5. Being Captain Obvious: One Step Away from Product Marketing Automation 

So product marketing must compile what those at Gartner, Forrester, and the rest have to say about the market? Take information and run reports off of the CRM system? The same for the marketing automation tool? To quote and use the Office Space line, “What would you say Product Marketing does here…” I can envision much of what product marketing does as becoming robotic — data to be inputted into standardized quarterly and annual reports that any stakeholder can see. The solution – product marketing should take everything into consideration and develop thoughts, opinions, and original strategies of its own. Things nobody will hear anyplace else. Product Marketing commoditization should be a thing of the past. Tell me (and every single audience) something I don’t already know and can’t get anywhere else.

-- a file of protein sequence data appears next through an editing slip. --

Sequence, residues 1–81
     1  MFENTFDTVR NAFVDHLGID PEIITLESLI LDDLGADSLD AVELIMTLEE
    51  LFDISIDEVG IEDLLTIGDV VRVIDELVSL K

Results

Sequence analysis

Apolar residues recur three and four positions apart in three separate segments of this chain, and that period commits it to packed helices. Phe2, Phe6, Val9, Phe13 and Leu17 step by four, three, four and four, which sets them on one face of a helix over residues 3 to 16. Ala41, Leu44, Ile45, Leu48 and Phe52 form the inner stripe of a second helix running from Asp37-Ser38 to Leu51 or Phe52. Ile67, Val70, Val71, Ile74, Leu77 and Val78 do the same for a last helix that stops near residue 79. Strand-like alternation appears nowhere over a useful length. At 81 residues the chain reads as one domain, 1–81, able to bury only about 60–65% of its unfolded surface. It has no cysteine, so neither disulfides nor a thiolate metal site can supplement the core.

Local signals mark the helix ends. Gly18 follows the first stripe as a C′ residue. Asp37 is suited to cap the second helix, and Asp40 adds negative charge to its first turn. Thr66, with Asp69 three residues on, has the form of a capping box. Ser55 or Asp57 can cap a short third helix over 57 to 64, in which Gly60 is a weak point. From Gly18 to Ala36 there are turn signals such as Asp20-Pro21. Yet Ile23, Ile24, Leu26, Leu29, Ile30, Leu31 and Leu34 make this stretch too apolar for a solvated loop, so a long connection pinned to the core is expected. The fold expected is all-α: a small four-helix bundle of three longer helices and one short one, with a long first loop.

For the CXOs Only: The Product Marketing Challenge

Here’s one rapid, sure-fire way to evaluate the communication skills of your product marketing team. Invite your product marketers to participate in a departmental challenge, one person at a time. You can either have them prepare for this, or it can be a complete surprise. Pick a topic central to their work, one that your product marketers should know inside and out and have them present it back to you – or any audience. The twist? Shortly before they begin their presentation, pull the plug. Meaning = they can’t use anything electronic to tell their story. No slides, no demos, no computer, laptop, videos, tablet, or smartphone. Flipchart, whiteboard, sure. If you wish, this can be done virtually with a laptop and an electronic napkin – but no webinar-type slides. See how everybody does. Product marketers should be able to fluently talk to their audiences about everything pertinent to the business, without the aid of electronic presentation crutches. If they can’t pass the simple product marketing test of personal business communication, the rest is inconsequential. Get back to basics and get to work.

At least that #productmarketing test is one train wreck you’ll see coming.